The Compass: Official Newspaper of the Catholic Diocese of Green Bay
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August 10, 2001 Issue
Local News

Sailing from floor boards to deck boards

Darboy's Grandpa Patrol finds unique ways to keep parish funds sailing along


By Linda DeVries
Compass Correspondent

Parishioners at Holy Angels Church in Darboy are following in Noah's footsteps. While they're not building an ark under the deadline of a giant flood, they are hard at work completing a fishing boat in time to auction it off at their parish picnic Aug. 19.

Holy Angels' boat-builders - otherwise known as the "Grandpa Patrol" - are men who have retired from various trades and professions and now show up regularly at the church, school and rectory to cut the lawn, reglaze windows, caulk, trim and sand, and perform other maintenance duties. Recently, they've added construction to their list of accomplishments.

A year ago, the Grandpa Patrol built a house, which was auctioned off at last summer's picnic, netting the church $75,000. When a parishioner challenged them to make a boat for their next project, they got to work.

It was no small undertaking. The five principal volunteers - Clem Boucher, Lyle Gerhartz, Bob Kramer, John Scherer and Ted Timmers - put in more than 130 hours each. Dennis Budde, a younger parishioner in charge of materials acquisition, also spent many hours at the site. Others, including high school students, gave time and energy to the project as well. Proceeds will go to the parish and its ministries.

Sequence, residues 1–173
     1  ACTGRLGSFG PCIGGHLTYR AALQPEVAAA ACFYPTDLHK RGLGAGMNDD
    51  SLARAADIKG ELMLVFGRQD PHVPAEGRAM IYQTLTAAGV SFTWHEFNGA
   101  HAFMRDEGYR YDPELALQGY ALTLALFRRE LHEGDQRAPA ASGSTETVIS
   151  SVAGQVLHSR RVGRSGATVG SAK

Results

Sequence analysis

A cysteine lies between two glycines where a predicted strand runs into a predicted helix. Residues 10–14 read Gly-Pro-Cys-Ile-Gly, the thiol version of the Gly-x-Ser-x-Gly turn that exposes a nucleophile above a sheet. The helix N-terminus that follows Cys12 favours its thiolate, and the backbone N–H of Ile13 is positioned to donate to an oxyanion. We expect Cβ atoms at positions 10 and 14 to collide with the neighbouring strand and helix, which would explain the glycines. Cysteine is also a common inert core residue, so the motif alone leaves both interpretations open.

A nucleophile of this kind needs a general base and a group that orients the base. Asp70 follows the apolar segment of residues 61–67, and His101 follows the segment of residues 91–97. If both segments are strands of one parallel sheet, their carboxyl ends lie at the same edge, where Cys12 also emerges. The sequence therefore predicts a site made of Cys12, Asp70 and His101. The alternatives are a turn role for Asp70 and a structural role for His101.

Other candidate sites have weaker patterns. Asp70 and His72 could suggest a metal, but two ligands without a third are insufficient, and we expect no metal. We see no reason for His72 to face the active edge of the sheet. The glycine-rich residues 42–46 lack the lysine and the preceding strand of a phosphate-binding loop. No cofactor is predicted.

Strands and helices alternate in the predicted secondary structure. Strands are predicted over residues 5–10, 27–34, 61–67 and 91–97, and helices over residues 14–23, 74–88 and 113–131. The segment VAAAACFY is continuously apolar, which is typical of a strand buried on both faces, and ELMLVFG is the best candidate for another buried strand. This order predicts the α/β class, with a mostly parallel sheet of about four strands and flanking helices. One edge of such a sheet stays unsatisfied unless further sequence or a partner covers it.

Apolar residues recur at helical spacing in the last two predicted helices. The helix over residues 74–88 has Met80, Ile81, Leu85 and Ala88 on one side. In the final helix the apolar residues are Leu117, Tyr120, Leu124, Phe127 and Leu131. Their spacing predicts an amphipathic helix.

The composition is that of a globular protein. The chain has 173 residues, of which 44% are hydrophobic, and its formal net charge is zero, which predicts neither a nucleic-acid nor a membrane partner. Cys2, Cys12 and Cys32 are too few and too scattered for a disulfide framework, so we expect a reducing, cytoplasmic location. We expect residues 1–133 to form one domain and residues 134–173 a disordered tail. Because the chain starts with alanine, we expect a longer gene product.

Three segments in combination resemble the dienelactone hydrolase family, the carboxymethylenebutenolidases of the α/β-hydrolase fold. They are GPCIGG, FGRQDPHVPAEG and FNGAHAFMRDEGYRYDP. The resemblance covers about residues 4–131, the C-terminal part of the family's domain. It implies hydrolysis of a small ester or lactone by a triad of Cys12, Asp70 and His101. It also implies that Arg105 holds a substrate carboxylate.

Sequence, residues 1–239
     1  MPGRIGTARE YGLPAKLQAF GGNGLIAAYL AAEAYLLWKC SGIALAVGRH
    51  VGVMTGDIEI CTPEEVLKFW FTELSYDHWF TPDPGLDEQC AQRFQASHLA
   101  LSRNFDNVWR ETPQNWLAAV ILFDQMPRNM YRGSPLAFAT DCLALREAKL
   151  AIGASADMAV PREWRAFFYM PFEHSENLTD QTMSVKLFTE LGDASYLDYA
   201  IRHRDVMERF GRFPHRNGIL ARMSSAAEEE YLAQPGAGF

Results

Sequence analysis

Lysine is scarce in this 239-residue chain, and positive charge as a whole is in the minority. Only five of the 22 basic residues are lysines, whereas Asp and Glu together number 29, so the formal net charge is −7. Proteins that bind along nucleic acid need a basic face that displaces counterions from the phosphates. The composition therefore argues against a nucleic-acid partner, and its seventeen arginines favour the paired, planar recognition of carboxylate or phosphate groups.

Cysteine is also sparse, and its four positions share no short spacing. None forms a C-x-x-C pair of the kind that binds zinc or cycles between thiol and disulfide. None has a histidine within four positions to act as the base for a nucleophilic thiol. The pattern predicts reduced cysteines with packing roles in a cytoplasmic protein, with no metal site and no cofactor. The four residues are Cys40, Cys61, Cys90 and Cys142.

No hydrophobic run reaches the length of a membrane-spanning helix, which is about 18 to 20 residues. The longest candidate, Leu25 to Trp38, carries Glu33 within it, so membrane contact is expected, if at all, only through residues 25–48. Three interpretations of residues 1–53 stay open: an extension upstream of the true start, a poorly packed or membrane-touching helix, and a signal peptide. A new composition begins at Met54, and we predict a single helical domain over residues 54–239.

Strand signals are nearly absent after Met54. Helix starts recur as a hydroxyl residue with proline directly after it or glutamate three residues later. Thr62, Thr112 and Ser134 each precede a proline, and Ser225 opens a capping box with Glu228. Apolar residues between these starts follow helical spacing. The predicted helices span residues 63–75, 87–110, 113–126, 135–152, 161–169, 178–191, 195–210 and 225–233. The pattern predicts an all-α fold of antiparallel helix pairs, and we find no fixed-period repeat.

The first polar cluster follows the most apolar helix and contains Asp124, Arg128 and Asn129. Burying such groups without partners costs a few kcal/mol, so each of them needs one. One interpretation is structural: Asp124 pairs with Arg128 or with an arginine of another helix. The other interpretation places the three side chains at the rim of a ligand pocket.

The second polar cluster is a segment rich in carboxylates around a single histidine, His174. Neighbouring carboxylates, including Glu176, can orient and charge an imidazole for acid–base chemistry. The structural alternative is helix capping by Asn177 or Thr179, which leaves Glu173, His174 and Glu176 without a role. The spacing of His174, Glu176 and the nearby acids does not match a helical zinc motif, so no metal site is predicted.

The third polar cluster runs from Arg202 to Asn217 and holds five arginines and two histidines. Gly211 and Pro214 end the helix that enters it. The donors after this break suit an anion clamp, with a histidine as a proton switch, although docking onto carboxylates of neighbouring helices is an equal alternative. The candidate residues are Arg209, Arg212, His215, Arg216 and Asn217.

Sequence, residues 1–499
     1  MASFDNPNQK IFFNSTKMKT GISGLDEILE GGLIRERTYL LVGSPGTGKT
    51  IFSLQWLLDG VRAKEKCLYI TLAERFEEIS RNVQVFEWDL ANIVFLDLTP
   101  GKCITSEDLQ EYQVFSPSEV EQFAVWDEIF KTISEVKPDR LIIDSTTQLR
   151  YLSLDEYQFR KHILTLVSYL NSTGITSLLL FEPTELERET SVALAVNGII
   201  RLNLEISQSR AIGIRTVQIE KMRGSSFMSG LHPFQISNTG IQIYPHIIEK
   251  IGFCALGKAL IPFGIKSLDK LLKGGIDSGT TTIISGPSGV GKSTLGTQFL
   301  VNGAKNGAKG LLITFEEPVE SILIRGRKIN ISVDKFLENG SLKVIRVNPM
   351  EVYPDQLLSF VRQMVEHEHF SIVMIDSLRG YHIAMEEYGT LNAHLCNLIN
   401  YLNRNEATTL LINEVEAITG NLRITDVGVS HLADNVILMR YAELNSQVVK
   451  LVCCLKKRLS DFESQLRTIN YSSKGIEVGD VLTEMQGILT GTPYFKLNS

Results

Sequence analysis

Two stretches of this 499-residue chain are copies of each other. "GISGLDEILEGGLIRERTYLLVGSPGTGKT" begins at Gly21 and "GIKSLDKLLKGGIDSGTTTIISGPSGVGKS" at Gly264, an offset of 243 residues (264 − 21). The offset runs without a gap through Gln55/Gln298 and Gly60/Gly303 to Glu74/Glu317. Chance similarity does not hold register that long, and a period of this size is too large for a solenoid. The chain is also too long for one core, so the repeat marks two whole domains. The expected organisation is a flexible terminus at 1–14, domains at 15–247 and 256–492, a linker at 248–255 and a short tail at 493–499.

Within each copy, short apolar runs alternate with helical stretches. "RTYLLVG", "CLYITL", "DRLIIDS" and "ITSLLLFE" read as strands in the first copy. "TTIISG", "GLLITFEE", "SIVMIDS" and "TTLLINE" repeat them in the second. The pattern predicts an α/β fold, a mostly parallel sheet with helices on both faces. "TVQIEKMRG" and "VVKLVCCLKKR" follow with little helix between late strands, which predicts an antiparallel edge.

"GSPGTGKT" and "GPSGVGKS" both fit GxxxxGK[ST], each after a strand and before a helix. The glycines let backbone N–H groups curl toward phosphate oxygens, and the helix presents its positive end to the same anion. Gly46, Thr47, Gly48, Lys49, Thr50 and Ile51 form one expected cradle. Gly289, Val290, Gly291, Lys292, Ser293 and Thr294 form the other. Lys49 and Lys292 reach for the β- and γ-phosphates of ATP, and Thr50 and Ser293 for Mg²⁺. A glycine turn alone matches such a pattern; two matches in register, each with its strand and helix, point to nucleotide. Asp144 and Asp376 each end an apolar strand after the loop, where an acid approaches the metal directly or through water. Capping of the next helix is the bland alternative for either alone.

"Having so many dedicated volunteers is one of the exciting things about this parish," said Fr. Tom Pomeroy, pastor of Holy Angels. "Last year, we auctioned the house, this year, a brand-new boat - it's unusual for a parish picnic."

The finished power boat measures 20 feet, weighs 750 pounds and is made of fiberglass over plywood with foam insulation. The deck is walnut, and the hull was made with a stitch-and-sew method, similar to "sewing" with the wire through drilled holes. One parishioner even made black-and-white seats to match the boat's exterior. Another will paint an elongated hook design on the hull.

The men who worked on the boat are proud of the fact that it is kid-friendly and self-bailing, with three separate compartments to provide swamped stability that exceeds the U.S. Coast Guard's standards for level flotation. According to Budde, it offers excellent pitch stability, good fuel economy, and a comfortable ride at a variety of speeds.

The boat will be on display at Holy Angels, W5831 Cty. KK, for the week preceding the Aug. 19 picnic.

The silent auction on the boat will start that day after the 10 a.m. Mass. The opening bid is set at $4,000. This figure covers only the cost of materials, not labor, which was donated. The last five bidders will be given the opportunity to submit sealed bids.

"Whoever buys the boat can decide how big a motor they want," Budde said, "as well as choose the driver's seat behind the console, and a trailer. The bids cover just the boat itself, but area dealers will offer the buyer discounted marine packages for the trailer, motor and other equipment."



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1825 Riverside Drive | P.O. Box 23825 | Green Bay, WI 54305-3825
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